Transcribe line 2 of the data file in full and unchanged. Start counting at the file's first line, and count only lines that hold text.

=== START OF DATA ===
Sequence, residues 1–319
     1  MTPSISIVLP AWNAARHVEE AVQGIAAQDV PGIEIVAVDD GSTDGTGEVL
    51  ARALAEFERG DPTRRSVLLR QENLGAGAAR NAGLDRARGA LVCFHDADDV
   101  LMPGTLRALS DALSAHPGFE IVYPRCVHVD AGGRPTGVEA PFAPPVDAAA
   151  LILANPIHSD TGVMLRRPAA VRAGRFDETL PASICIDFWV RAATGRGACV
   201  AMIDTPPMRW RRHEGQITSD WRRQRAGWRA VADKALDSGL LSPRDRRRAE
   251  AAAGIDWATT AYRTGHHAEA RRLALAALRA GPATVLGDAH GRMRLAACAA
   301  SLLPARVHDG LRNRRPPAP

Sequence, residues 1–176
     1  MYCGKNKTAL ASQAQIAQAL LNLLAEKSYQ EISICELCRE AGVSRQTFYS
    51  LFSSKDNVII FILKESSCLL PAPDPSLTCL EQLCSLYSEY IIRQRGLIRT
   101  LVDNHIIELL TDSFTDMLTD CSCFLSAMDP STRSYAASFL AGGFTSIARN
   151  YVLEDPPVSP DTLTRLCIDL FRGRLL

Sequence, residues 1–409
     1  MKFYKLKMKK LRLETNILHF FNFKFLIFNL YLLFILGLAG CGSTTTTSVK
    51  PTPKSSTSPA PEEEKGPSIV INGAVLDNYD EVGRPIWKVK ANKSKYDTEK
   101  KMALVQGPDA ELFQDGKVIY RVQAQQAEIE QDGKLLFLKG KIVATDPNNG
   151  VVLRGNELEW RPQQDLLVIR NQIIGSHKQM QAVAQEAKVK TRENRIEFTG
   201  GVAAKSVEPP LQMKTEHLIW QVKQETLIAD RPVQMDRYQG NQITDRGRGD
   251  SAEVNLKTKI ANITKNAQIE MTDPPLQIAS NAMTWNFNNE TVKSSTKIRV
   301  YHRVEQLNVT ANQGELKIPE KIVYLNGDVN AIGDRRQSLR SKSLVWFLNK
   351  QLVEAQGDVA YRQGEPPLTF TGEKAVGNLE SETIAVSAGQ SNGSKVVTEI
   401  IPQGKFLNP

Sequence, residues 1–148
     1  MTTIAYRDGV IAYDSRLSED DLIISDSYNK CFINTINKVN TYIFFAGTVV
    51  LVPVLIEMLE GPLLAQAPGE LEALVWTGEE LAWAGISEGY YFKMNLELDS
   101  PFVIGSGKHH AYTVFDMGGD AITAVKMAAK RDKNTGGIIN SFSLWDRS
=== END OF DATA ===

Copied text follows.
     1  MTPSISIVLP AWNAARHVEE AVQGIAAQDV PGIEIVAVDD GSTDGTGEVL